I could only sigh my agreement.
The Vaults are a fine place to visit. When you’re young. Personally I like proper chairs. And tickets. And good signage. And not to feel like the oldest, most uncool, person in the building.
Being around Martha, and the newly arrived Luke didn’t help, with their young, fresh faces, and ability to sit on a barrel without looking like a plonker.
“Drinks?” asked Luke.
Frankfurters were on the menu. Which sounded just the right level of stodge and carbs for a night like this. Bonus points for being topped with curry sauce.
“This is really good,” said Martha.
It really was. Nice soft bread. Lots of onions. The side of roast potatoes was mediocre (too soft. No salt), but the currywurst was really doing its job.
The G&Ts didn’t hurt either.
“So, why do you love Ripley so much?” Martha asked Luke.
Ah! Now that was a good question. I’ve seen the film (who hasn’t), and started off the year with a play about its author, but we had a bonafide fan at the table and I was keen to hear more.
“He’s just a great character,” started off Luke.
“Sorry to interrupt,” said a woman, interrupting. “Would you mind if I gave you this?” she asked, flapping a flyer around. “It’s a dark and funny show about eating disorders…”
We all made polite noises until she went away again.
I looked at the table, strewn with flyers, and saw in them a league of performers, desperate to drag people to their shows.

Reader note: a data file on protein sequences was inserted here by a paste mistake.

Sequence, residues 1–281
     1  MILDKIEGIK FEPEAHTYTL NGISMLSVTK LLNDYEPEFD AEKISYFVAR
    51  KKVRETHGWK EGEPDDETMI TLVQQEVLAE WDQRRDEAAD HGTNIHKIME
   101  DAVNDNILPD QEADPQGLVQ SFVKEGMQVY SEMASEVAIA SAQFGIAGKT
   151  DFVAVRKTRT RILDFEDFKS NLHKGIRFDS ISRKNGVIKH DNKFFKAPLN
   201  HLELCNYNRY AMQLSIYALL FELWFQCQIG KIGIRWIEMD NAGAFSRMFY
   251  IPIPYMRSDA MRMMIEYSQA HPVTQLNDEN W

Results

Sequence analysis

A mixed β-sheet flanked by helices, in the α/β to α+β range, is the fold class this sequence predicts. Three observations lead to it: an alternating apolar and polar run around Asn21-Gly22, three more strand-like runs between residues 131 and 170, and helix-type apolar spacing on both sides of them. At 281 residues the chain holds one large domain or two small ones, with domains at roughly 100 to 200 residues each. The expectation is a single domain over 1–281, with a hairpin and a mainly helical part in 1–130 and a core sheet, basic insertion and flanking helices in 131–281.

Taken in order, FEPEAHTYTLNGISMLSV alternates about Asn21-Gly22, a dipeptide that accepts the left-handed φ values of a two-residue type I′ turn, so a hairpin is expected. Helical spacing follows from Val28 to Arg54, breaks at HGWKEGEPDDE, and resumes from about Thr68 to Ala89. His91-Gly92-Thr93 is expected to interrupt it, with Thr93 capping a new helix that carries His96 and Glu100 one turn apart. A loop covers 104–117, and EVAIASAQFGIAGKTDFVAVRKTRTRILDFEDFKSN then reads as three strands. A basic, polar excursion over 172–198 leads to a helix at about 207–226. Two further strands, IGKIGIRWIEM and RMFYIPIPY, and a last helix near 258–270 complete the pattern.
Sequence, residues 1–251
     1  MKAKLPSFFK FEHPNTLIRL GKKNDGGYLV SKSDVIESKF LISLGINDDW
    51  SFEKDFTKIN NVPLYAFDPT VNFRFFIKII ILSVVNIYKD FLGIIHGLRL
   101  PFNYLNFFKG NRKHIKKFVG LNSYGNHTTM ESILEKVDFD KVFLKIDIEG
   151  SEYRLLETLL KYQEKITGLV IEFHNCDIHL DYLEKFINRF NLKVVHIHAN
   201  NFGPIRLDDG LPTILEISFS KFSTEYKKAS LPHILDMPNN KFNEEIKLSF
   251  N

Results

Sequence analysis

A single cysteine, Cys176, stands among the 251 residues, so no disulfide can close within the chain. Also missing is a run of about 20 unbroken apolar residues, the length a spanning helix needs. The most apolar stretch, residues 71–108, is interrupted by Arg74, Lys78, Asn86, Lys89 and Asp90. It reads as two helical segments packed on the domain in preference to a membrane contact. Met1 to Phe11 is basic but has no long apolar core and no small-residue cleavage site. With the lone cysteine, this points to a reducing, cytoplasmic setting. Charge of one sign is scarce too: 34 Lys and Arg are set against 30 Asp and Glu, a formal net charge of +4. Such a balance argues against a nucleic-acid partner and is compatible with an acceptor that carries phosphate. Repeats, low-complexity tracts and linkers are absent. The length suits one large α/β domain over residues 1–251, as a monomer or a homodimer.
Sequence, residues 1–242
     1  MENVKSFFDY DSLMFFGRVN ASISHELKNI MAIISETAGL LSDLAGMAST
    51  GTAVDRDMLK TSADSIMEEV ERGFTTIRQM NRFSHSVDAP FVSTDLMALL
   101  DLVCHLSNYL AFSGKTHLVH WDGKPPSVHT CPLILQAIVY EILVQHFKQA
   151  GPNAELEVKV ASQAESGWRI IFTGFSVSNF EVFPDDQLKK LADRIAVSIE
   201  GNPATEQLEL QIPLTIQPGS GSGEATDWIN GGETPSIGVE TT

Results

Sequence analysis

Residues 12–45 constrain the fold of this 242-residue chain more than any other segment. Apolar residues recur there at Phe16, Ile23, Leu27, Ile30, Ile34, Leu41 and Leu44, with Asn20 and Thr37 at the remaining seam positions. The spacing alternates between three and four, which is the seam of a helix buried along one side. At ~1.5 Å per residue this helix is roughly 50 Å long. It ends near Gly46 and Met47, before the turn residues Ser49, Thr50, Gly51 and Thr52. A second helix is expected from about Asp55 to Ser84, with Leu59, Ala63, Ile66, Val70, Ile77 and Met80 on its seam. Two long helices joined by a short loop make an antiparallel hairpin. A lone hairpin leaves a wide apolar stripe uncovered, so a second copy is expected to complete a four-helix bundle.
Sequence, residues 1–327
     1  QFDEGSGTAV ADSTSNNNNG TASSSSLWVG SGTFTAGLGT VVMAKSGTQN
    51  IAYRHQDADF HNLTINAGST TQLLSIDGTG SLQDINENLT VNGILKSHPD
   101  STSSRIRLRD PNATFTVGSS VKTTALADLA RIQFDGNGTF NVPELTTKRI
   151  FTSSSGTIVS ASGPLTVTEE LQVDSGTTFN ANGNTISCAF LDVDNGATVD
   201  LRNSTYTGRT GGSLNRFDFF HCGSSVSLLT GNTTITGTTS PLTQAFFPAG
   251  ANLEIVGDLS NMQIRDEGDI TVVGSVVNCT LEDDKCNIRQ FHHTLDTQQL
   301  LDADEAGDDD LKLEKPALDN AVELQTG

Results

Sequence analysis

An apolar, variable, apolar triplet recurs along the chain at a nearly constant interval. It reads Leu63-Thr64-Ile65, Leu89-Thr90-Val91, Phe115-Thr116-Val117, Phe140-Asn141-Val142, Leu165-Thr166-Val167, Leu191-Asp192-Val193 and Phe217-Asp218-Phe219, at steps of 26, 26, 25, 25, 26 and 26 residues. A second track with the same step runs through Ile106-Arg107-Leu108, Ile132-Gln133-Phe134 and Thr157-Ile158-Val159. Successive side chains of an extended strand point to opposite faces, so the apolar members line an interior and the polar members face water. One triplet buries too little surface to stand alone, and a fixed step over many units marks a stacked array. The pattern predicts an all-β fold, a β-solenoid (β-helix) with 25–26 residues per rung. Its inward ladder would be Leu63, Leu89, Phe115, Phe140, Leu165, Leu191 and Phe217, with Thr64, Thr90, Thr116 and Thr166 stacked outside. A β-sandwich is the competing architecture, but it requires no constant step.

“We should probably go in,” I suggested, picking at the last potato. They may not have been great, but that didn’t mean that I wasn’t going to polish them all off.
We gave our names on the door and were whisked off into a wide corridor.
“Would you be interested in using our captioning service tonight?” asked a lady, poised to pounce on anyone walking through.
I wasn’t. Neither were Martha or Luke.
We pressed on. Down the corridor and… up a flight of stairs. That was new. I didn’t even know the Vaults had an upstairs.
Although, come to think of it, if I were to have imagined an upstairs at the Vaults, it would have looked exactly like this. Cramped up against the top of a tunnel, battered looking armchairs huddle together in groups on the opposite end to a neglected bar. In an effort to inject a form of whimsy, some plastic wisteria was draped around the doorway, giving the whole space a rather atticy vibe. Although I couldn’t decide whether it was more Jane Eyre, or Flowers in…
Across the room and we were transported to the back the Crescent’s auditorium, the rows of chairs descending before us.
Somehow, I had managed to save the best Vaults venue for last. It was a theatre. A real theatre. No temporary seating here. These chairs looked like they had been lifted from an art deco cinema - in the 1930s. Everything had a gently moldering air. As if we were the first people to step inside for decades.
Down on the floor-level stage, a man sat with his back to us, clacking away on a typewriter. The sound echoing against the rumble of trains above our heads.
This time, the promised 90 minute no interval really was 90 interval free minutes. 90 minutes is a long time in the world of theatre, and an even longer time at the Vaults. By the time we clanked out way back down the stairs and retraced our way down the corridor, the bar was full.
"So, what did you think?"
We both looked at Luke for his expert verdict.
"There was a lot of shouting," he started, listing off a ream of criticisms.
Somehow I don't think I've found a fellow marathoner here.